- Presentation - Able to clearly present information and explanations to an audience. Through the written or oral mode of communication accurately and concisely.
- Caring - Showing concern for others; caring for children, people with disabilities and/or the elderly
- Argument - Able to put forward, debate and justify an opinion or a course of action, with an individual or in a wider group setting
- Self-awareness & Reflectivity - Having an awareness of your own strengths, weaknesses, aims and objectives. Able to regularly review, evaluate and reflect upon the performance of yourself and others
Subject specific skills
- Show originality in the application of subject specific knowledge and understanding.
- Identify problems, evaluate solutions and critique research associated with educational practice.
- Adopt an ethically sound approach to research with children and vulnerable adults.
- reflect upon a range of psychological sociological health historical and philosophical perspectives and consider how these underpin different understandings of babies and young children and childhood
- apply multiple perspectives to early childhood issues recognising that early childhood studies involves a range of research methods theories evidence and applications
- integrate ideas and findings across the multiple perspectives in early childhood studies and recognise distinctive early childhood studies approaches to relevant issues
- evaluate competing positions in relation to the construction of babies and young children and childhood by different subjects societal agents and time place and culture
- constructively critique theories practice and research in the area of child development
- demonstrate knowledge and awareness of the skills needed for different pedagogical approaches including: - the necessary depth and strength of relationships with individual children and children in groups and the facilitation of the building of relationships with and between children - the formation and promotion of mutually respectful relationships with families colleagues other professionals and communities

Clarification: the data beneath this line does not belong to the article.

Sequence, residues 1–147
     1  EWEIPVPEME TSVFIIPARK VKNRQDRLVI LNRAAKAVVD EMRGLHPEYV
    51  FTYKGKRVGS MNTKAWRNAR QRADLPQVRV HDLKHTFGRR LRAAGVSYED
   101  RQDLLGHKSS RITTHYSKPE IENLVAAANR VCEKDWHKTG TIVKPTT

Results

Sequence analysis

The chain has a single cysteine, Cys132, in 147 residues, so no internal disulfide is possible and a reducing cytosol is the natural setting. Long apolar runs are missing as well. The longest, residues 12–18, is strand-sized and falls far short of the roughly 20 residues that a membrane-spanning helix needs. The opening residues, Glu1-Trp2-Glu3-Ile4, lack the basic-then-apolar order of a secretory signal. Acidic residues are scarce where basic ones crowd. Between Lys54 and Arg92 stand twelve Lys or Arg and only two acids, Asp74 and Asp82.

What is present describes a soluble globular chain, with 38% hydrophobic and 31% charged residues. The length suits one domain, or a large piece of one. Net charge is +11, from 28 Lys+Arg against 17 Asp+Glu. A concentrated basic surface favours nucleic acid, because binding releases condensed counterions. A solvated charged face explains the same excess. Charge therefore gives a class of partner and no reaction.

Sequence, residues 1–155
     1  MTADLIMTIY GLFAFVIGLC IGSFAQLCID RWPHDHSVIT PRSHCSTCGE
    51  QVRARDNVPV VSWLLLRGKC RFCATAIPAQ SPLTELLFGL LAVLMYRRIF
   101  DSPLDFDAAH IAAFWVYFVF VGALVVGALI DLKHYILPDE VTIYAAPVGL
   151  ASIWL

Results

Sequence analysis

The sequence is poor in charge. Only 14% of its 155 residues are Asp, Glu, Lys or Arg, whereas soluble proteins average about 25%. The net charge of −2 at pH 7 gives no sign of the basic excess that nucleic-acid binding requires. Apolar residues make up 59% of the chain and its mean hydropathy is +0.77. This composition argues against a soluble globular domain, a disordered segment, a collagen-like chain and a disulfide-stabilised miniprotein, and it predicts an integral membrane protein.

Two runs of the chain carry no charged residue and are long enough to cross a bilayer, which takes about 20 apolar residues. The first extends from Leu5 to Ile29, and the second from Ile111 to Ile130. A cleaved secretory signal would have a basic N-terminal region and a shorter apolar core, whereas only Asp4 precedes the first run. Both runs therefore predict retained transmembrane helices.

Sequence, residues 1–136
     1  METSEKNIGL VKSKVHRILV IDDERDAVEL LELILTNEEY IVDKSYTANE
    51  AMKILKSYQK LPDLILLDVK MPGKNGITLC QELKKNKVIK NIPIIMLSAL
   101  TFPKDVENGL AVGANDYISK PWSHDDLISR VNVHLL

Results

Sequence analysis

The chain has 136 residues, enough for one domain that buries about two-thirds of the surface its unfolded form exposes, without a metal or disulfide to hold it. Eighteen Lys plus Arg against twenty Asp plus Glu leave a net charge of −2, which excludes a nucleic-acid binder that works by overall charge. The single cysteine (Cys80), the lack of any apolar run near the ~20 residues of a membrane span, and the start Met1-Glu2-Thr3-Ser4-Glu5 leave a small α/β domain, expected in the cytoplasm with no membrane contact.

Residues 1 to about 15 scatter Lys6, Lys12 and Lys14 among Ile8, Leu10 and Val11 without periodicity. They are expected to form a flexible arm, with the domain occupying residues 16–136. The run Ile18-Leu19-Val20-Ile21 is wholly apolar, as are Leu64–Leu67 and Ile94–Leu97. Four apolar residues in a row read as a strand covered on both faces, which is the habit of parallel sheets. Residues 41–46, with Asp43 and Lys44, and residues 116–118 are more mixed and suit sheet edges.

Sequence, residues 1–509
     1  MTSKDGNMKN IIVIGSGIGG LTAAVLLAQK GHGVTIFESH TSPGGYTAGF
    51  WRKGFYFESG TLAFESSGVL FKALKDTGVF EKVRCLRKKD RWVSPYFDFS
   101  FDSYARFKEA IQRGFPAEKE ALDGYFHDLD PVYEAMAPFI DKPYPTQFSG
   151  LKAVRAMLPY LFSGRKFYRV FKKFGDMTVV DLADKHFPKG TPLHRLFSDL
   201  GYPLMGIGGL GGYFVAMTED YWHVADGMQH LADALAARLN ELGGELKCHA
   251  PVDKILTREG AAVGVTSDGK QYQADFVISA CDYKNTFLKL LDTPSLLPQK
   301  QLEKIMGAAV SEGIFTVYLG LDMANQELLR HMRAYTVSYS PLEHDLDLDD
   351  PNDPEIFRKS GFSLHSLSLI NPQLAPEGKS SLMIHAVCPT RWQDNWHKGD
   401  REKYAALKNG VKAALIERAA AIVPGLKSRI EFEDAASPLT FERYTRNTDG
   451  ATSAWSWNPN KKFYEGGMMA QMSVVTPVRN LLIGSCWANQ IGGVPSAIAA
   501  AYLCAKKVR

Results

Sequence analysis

- critically explore examine and evaluate the significance of the cultural historical and contemporary features of various policies institutions and agencies in regard to babies young children and childhood
- lead support and work collaboratively with others and demonstrate an understanding of working effectively in teams with parents carers and other professionals 11
- demonstrate an understanding of how to plan for and where appropriate implement meeting and promoting children's health well-being protection and safety and the conditions that enable them to flourish
- use skills of observation and analysis in relation to aspects of the lives of babies and young children
Resource implications for students
Talis Reading listhttp://readinglists.bangor.ac.uk/modules/xme-4000.html
Key texts: Chambers, D. (2012) A Sociology of Family Life: Change and Diversity in Intimate Relations. Cambridge: Polity Press McKie, L. & Callan, S. (2012) Understanding Families: A Global Introduction. London: SAGE Publications Recommended texts: Avdic, D. & Karimi, A. (2018) ‘Modern family? Paternity leave and marital stability’ American Economic Journal: Applied Economics Vol. 10, No. 4, pp. 283-307 Cabrera, N.J., Volling, B.L. & Barr, R. (2018) ‘Fathers are parents, too! Widening the lens on parenting for children’s development.’ Child Development Perspectives, Vol. 12, No. 3, pp. 152-157 Cavalcante, A. (2015) ‘Anxious displacements: the representation of gay parenting on Modern Family and The New Normal and the management of cultural anxiety.’ Television & New Media, Vol.16, No.5, pp.454-471. Donath, O. (2015) ‘Regretting motherhood: a socio-political analysis’ Signs: Journal of Women in Culture and Society, Vol.40, No. 2. Dow, D.M. (2016) ‘Integrated motherhood: beyond hegemonic ideologies of motherhood’ Journal of Marriage and Family, pp.180-196 Johnsen, I.O., Litland, A.S. & Hallström, I.K. (2018) ‘Living in two worlds – children’s experiences after their parents’ divorce – a qualitative study.’ Journal of Pediatric Nursing, vol.43, e44-e51 Nelson-Coffey, S. K., Killingsworth, M., Layous, K., Cole, S.W. & Lyubomirsky, S. (2019) ‘Parenthood is associated with greater well-being for fathers than mothers.’ Personality and Social Psychology, Vol. 45, No. 9, pp.1378-1390 Netsi, E., Pearson, R.M., Murray, L., Cooper, P., Craske, M.G. & Stein, A. (2018) ‘Association of persistent and severe postnatal depression with child outcomes’ JAMA Psychiatry, Vol. 75, No. 3, pp. 247-253 Richins, M.L. & Chaplin, L.N. (2015) ‘Material parenting: how the use of goods in parenting fosters materialism in the next generation’ Journal of Consumer Research, Vol.41, pp.1333-1357 Söderström-Anttila, V., Wennerhom, U., Loft, A., Pinborg, A., Aittomäki, K., Romundstad, L.B. & Bergh, C. (2016) ‘Surrogacy: outcomes for surrogate mothers, children and the resulting families – a systematic review’, Human Reproduction Update, Vol. 22, No. 2, pp. 270-276
Courses including this module
Compulsory in courses:
- X3BF: MA Childhood and Youth year 1 (MA/CHY)